The Commonwealth's argument is well taken, but when carefully examining Tucker, 295 S.W.3d 455, along with a related decision cited by the Commonwealth in Ballard v. Commonwealth, 320 S.W.3d 69 (Ky. 2010), it is an implicit understanding within these decisions that a motion by the prosecution is a necessary predicate before revocation may be imposed. In Tucker, the majority stated:
[W]e believe this case can be resolved merely by noting that the Commonwealth had the means readily at hand to seek to have [Appellant's] pretrial diversion revoked if it believed his failure to pay child support, or his assault conviction, or any other alleged violation of his pretrial diversion conditions justified such action. Those means are found in KRS 533.256(1). We need not concern ourselves with why the Commonwealth failed to act to have [Appellant's] pretrial diversion revoked before it expired. The fact is that it did not do so.
295 S.W.3d at 457 (emphasis added).
In Ballard, 320 S.W.3d at 74, the Kentucky Supreme Court wrote:
[T]he trial court has authority to void the diversion agreement, even after the period of diversion has ended, so long as the Commonwealth has entered a timely motion to void prior to expiration of the diversion period. See RCr 8.04. See also Tucker v. Commonwealth, 295 S.W.3d 455, 458 (Ky. App. 2009) (motion by Commonwealth to void diversion agreement is “required to be made before expiration of the pretrial diversion period”). That is precisely what occurred in this case.
Both Tucker and Ballard make specific mention of a timely motion from the Commonwealth as a prerequisite to a trial court's authority to revoke. Based on these precedents, along with the plain language of KRS 533.256, we hold that it is a mandatory requirement that a timely motion to revoke pretrial diversion must be made by the prosecution before a trial court's authority to revoke may be invoked.
Turning to the present matter, it is undisputed that the Commonwealth never filed such a motion. The record demonstrates that, on May 3, 2022, the trial court raised the matter of revocation, and based on the trial court's own words, took “judicial notice” of Raider's expulsion from the drug court program as a violation of diversion. The record is devoid of any motion to revoke from the prosecution before the trial court's oral revocation on May 3, 2022, or the entry of the formal written order on August 2, 2022. The record also clearly demonstrates that, on June 7, 2022, the prosecution conceded it never filed a motion to revoke because it did not receive notification Raider was terminated from the drug court program.
For the foregoing reasons, we reverse the judgment and sentence of the Estill Circuit Court and remand with instructions that the charges in the underlying action be dismissed with prejudice and this case be listed as Dismissed-Diverted” in accordance with KRS 533.258(1).
Two precedents compel the result in this case. Ballard v. Commonwealth, 320 S.W.3d 69 (Ky. 2010), and Tucker v. Commonwealth, 295 S.W.3d 455 (Ky. App. 2009). According to these precedents, the language of KRS 533.256(1) requires that a motion to void a diversion must be filed by the Commonwealth before the diversion term expires in all cases. Yet the law also states a diverted case is to be dismissed only upon successful completion of the terms of the diversion. KRS 533.258(1).
One who, like Raider in this case, absconds for years after abandoning treatment provided during a diversion does not successfully complete diversion. The question of whether a motion by the Commonwealth should be required to void a diversion should be reexamined, especially when, as in this case, the court proceedings about the diversion violations began before expiration of the term. This may require legislative action to clarify whether KRS 533.256(1) intended the absolute necessity of a motion to void a diversion despite the condition of successful completion required by KRS 533.258(1). The legislature may well decide to leave it be so that prosecutors alone can exercise their discretion on whether to proceed with voiding a diversion.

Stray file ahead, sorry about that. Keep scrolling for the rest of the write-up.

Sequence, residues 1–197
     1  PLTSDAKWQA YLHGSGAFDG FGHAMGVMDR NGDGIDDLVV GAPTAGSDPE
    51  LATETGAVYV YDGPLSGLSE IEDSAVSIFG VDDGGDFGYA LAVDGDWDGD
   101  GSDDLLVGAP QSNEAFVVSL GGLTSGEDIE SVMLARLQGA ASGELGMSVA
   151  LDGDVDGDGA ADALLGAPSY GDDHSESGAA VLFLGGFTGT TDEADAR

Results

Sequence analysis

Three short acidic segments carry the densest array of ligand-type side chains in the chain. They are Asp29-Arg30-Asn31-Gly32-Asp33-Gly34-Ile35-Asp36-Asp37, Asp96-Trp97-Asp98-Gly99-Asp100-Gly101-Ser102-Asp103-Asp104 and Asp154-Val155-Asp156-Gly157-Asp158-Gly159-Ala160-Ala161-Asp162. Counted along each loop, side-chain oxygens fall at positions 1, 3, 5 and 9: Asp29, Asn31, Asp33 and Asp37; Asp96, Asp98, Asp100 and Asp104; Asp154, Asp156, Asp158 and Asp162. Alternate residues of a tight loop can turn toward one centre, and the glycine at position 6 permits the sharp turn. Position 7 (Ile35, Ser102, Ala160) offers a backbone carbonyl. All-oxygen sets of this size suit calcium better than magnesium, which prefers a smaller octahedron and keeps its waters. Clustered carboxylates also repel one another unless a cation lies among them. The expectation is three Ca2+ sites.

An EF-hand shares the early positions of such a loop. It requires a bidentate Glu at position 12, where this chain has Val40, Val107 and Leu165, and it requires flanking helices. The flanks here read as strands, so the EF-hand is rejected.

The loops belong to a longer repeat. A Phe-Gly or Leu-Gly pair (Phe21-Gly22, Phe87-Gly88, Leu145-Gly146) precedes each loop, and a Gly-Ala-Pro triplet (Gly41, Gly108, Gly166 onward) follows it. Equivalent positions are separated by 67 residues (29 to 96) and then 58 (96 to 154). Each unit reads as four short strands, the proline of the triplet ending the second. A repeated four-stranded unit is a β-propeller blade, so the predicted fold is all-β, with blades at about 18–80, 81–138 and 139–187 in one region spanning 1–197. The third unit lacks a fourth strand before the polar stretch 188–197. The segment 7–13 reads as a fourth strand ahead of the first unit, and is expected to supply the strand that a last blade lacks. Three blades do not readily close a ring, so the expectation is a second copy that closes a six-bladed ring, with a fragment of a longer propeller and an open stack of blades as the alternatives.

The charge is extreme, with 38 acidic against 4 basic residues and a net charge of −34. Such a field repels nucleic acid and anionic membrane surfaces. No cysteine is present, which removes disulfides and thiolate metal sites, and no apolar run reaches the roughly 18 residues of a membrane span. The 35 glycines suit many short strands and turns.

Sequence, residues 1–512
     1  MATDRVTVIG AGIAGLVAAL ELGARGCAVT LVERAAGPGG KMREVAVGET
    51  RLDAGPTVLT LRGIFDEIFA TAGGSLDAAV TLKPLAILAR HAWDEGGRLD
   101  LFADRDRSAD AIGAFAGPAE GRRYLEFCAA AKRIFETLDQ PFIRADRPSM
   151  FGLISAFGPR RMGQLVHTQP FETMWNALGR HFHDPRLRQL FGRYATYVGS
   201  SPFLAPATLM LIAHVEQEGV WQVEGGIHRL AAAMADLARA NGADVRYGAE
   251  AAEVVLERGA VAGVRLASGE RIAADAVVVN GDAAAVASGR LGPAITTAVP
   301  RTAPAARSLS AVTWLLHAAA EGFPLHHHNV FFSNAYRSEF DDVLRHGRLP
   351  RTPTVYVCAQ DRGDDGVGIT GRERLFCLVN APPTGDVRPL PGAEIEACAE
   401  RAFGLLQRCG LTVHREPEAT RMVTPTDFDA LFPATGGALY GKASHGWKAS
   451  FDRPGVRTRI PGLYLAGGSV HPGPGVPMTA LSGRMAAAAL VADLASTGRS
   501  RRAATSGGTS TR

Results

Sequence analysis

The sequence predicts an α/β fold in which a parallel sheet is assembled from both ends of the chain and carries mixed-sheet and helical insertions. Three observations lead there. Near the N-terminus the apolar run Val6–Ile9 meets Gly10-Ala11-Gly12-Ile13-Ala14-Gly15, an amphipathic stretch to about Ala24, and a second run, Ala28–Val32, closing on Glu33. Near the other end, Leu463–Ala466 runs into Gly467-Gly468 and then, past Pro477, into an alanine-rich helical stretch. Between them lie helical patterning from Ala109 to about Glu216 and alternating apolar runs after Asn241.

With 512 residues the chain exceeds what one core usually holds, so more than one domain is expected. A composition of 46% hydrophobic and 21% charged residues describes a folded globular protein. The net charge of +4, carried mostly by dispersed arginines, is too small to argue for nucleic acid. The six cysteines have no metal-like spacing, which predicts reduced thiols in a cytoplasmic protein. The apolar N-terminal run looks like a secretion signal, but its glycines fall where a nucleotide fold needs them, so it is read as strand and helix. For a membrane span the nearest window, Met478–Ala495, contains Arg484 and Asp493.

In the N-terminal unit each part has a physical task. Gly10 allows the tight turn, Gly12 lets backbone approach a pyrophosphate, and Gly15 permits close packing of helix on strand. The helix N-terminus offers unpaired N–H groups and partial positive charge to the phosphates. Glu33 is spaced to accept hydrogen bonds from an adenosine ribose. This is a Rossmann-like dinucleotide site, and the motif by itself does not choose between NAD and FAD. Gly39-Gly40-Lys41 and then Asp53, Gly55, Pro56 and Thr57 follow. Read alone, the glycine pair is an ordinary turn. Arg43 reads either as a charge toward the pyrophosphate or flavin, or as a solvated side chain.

In the meantime, this case teaches the need for notice and action. When the Commonwealth learns of violations, it may decide to let the diversion case go, because of new charges or other considerations. But, if voiding a diversion is to happen, the Commonwealth must file a motion before the diversion expires. For those cases in which a warrant has been issued in the diversion case, which does not require a motion by the Commonwealth but may rather be initiated by the trial court, the Commonwealth's motion must be filed before the diversion expires, including any allowed extension once the warrant is served. Commonwealth v. Tapp, 497 S.W.3d 239 (Ky. 2016).
1. Kentucky Revised Statutes.
2. Kentucky Rules of Criminal Procedure.
3. RCr 8.04(5) states:Termination of the Agreement; Automatic Dismissal. Upon the expiration of the period of suspension of prosecution and upon the completion of the agreement and where there is no motion by the Attorney for the Commonwealth to terminate the agreement upon any grounds permitted under this Rule, the indictment, complaint or charges which are the subject matter of the agreement shall be dismissed with prejudice. In the event that there may be a pending motion by the Commonwealth to terminate the agreement, if the Court shall rule that the motion be denied, then upon entry of said order the indictment, complaint or charges shall be dismissed with prejudice.(Emphasis added.)
LAMBERT, JUDGE, CONCURS. EASTON, JUDGE, CONCURS AND FILES SEPARATE OPINION.
Response sent, thank you
A free source of state and federal court opinions, state laws, and the United States Code. For more information about the legal concepts addressed by these cases and statutes visit FindLaw's Learn About the Law.
Docket No: NO. 2022-CA-1070-MR
Decided: October 06, 2023
Court: Court of Appeals of Kentucky.
Search our directory by legal issue
Enter information in one or both fields (Required)
FindLaw for Legal Professionals
Search our directory by legal issue
Enter information in one or both fields (Required)